Bloody, profane 'Kick-Ass' lives up to name
By Bill Goodykoontz
Gannett Chief Film Critic
Remember the tagline for "Superman": "You'll believe a man can fly!"
For more than 30 years, it has served as maybe the most-appropriate superhero movie motto. Until now, that is, with "Kick-Ass," director Matthew Vaughn's hilariously profane, ultra-violent take on the not-quite-so-superheroes from Mark Millar's comics:
"I can't fly. But I can kick your ass." That's about the size of it, as sad sack Dave Lizewski (Aaron Johnson) tries to realize his dream of being a masked crime fighter. While not all of the elements fit together tonally, on the surface level — the level that the title suggests — "Kick-Ass" does exactly what it's supposed to, as long as you're game for the language and the gutting.
Dave is your typical comic-book nerd, yet he doesn't let his lack of physical strength or speed or anything else one typically looks for in a hero stop him from buying a wet suit and trying to stop a crime as Kick-Ass. This goes poorly, as in, land-in-the-hospital poorly.
His limited success — basically getting beaten up but taking it well, then having cell phone footage of the fight uploaded to YouTube — causes him to wildly overstep his bounds, landing him in so far over his head that his death appears certain.
Enter Hit-Girl (Chloe Moretz), as comfortable with a wide variety of weapons as she is dropping profanities as if she were a junior-sized longshoreman. And she is deadly.
Not just comic-book-style deadly, either. The violence in "Kick-Ass" is brutal, and the language would make Quentin Tarantino blush. (Moretz in particular lets loose with a word you don't hear many 13-year-old girls utter.)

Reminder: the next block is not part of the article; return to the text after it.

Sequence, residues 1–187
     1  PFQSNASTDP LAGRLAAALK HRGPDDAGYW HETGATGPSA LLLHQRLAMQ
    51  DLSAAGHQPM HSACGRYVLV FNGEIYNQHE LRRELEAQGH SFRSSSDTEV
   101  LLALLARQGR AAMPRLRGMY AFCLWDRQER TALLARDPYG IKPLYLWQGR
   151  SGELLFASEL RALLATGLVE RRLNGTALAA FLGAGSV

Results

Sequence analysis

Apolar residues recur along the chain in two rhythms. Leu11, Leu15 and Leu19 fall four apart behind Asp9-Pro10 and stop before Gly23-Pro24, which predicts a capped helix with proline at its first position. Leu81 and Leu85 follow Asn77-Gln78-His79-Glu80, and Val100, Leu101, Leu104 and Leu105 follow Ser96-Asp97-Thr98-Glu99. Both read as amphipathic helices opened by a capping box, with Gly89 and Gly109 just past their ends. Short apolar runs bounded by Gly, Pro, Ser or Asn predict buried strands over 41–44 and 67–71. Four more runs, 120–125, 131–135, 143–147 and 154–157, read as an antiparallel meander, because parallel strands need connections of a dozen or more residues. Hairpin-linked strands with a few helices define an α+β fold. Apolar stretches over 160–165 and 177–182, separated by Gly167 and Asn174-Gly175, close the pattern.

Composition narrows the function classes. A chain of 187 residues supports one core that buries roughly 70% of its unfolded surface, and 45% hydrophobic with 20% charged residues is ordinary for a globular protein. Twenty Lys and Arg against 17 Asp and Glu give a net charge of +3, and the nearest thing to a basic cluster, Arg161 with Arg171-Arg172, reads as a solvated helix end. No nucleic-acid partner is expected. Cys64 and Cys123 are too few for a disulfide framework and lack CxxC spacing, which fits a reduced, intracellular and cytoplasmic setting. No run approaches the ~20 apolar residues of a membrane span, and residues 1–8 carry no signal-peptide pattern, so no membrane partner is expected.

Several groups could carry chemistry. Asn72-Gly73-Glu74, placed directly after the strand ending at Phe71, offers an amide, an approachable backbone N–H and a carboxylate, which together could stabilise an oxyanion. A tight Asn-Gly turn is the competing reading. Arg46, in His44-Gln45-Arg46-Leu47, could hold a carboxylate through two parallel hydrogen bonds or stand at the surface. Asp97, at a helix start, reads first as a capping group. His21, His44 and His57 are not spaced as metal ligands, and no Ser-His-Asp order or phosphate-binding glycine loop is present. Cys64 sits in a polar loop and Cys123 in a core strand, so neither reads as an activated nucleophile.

And yet, in context, it makes sense. Mindy Macready, Hit-Girl's alter ego, is being raised by her father, Damon (Nicolas Cage), a former cop who ran afoul of mob boss Frank D'Amico (Mark Strong), which ruined his life and career, leaving him a single parent. Now Damon is obsessively devoted to revenge and has indoctrinated Mindy into his plan. She gets as excited at the thought of a new automatic weapon as most girls do at the notion of a new kitten.
It's a twisted look at a fascinating subject: The length parents will go to impose their own values and desires upon their children — and with those beliefs, the attendant problems. And yet it's an odd fit with the comic-book sensibilities in the rest of "Kick-Ass," as well as the funny bits between Dave and his friends, including the suddenly ubiquitous Clark Duke.
The overall tone is, in fact, somewhat hit and miss. How seriously do we take the violence, so outlandish that it comes back around to the absurd?
There's no question who we're rooting for here; that's not an issue.
Or is it? Damon dresses as Big Daddy, enough of a Batman knock-off you wonder how the film escaped a lawsuit. He leads Hit-Girl into incredibly dangerous situations — situations that he has trained her for with excruciating effort (especially for her). She loves it — it's a way for her to bond with her father, after all. But adults recognize how wrong and how misguided that bonding is. We want Kick-Ass and Hit-Girl to succeed, certainly, but at what cost?
On the other hand, "Kick-Ass" lives up to its name. The action is insanely entertaining, and the comedy at times hilarious.
Dave befriends Chris D'Amico (Christopher Mintz-Plasse), the mobster's son. Only not really — actually, Kick-Ass befriends Red Mist, the superhero identity Chris has established as part of a larger scheme. Thus, their friendship is based on, if not a lie, then something less than the truth.
And yet in any super hero movie, questions of identity are always going to be an integral part of the story.
Perhaps this is overthinking the movie and what it's trying to do.
While there are some interesting psychological and social things going on here — note that Kick-Ass is nobody until he's immortalized on YouTube — it's also perfectly content to be an insanely violent, funny take on an established genre.